Archive for March, 2009

How Much Does Experience Count?

Tuesday, March 31st, 2009

What’s more important, state-of-the-art equipment or skilled operators? That was the subject of a discussion I had with a very successful printer over lunch. I’ve always maintained that quality products are produced by quality employees. Inexperienced press operators make mistakes that they are often unable to fix.

For example, my brother Dan Ruesch, a top graphic designer, told me a story of a press check he attended where the PMS color was dingy. It just didn’t pop they way it should. After the pressmen tried everything they could think of to fix it, Dan remembered encountering a similar problem once before. He recalled that the solution was to change the paper wrap on a water roller.  So, of course, he made the suggestion to check it. The pressmen were surprised. Most customers don’t even know that there are two basic sets of rollers in a press, water and ink, and here was a graphic designer recommending a mechanical solution to their problem. Wow.

They took the suggestion, checked the roller, and found out that the paper wrap did need to be changed.  It worked, and they were able to go on and happily complete the job producing a printed product that both the company and the designer were proud to show.

Why did I tell this story? I told it to show what experience can do. Dan couldn’t run a press if his life depended on it, neither could I for that matter, but Dan carried with him years of experience from attending press checks. He had encountered a similar problem before, and remembered how it was solved. The press operator, had not come up against this particular difficulty before and was stumped. Experience vs. inexperience? I vote for experience myself.

This is my slant on the experience issue, the printer, eating his salad, disagreed. He believed if you bought state-of-the-art equipment with as many fully-automated features as you could get, you wouldn’t have to pay the wages of journeymen press operators. So, he hired less-experienced operators, and supervised them with a journeyman. His thinking was that they could call the guy over with the experience when they got in a jam, otherwise smart presses would take care of most of the problems.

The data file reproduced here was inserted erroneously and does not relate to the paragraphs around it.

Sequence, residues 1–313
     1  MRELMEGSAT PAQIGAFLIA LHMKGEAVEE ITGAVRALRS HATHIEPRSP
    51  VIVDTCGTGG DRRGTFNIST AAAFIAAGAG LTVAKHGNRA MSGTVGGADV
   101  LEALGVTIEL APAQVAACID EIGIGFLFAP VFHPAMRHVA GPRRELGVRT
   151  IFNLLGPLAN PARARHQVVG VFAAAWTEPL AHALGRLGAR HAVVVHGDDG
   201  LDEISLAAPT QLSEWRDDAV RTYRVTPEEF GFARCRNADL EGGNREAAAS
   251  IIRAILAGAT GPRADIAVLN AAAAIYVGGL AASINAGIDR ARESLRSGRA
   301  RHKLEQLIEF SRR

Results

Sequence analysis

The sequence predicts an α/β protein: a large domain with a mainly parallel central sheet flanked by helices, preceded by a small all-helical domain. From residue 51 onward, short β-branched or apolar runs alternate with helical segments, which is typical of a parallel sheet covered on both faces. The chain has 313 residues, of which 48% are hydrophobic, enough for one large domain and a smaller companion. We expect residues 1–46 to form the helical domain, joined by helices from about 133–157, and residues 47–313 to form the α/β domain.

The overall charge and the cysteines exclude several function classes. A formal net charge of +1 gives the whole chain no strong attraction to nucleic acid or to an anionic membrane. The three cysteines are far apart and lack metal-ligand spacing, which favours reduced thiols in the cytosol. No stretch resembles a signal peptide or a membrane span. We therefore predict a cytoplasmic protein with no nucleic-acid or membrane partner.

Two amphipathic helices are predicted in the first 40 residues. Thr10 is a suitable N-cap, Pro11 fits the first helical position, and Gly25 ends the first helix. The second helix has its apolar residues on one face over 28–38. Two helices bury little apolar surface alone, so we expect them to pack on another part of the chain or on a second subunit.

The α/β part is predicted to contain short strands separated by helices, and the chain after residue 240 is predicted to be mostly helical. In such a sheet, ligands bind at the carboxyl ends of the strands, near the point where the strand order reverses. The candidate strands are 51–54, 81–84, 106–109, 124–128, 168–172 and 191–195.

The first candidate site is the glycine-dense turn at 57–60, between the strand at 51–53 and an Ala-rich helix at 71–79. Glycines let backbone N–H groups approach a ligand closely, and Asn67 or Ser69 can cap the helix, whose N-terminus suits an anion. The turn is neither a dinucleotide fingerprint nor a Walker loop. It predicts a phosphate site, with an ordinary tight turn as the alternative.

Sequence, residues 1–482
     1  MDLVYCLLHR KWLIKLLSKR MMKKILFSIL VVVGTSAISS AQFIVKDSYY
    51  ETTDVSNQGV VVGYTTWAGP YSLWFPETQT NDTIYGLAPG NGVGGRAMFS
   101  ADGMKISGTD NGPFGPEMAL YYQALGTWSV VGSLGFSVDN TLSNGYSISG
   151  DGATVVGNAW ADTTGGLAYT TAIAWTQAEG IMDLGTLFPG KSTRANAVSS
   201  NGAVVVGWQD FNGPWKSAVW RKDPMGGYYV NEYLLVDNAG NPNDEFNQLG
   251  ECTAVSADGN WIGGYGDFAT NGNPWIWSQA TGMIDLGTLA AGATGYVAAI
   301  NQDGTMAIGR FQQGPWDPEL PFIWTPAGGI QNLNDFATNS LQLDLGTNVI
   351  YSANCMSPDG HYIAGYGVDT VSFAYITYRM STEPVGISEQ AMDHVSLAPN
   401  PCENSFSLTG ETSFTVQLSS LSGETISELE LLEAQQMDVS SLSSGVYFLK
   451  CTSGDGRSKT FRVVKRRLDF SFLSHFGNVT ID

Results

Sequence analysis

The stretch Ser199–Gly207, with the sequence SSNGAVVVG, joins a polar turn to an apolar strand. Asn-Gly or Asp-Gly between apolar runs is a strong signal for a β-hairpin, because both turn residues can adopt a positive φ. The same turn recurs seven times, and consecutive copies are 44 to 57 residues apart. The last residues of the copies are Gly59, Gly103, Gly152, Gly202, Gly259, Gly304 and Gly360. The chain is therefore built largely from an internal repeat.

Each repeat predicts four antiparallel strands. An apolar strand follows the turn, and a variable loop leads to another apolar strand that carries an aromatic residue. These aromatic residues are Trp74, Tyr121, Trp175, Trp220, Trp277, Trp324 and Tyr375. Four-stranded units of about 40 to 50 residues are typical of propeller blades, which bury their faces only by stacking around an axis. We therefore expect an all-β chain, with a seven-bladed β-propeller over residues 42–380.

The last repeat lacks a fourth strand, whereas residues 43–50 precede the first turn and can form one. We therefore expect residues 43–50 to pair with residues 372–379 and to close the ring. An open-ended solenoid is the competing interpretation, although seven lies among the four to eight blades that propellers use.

Did this approach work for him? You bet it did. He was able to grow his printing company into one of the most prosperous firms in the area. Before he reached the age of fifty he sold it off, and retired. Boy, am I jealous.

What was my experience printing with his  company, you might ask? I’ll tell you. Despite all the awards he had hanging on his walls, and their sales literature that claimed they were the finest craftsmen in town, whenever I took a job there, it seemed to have problems. Not necessarily huge problems. There were difficulties getting the color right and holding it. Sometimes the trim or folding was off. The proof provided by the pre-press department couldn’t be matched on press. They came up short on the quantity. Things like this that could be worked around, but if he had paid higher wages for more experienced employees, would he still have this many problems? I don’t think so.

So, why was his business so successful? I believe that most customers don’t know the difference between excellent quality and good quality. If you don’t know the difference you won’t be able to see it even when right in front of you. The best work comes from people who know they are trying to please an expert. When I attend a press check, I carry with me a lifetime of press experience. They know it and will always strive to do their very best. If an inexperienced customer comes to a press check, assuming that they even know to come, their lack of knowledge becomes quickly apparent and they can be jargoned into approving anything. Remember a press operator has a vested interest in getting through the press check and running the job, otherwise they might be called on the carpet for lack of productivity. The number of press impressions per hour is important and if their numbers are down they will hear about it. If down often enough they could even lose their jobs over it.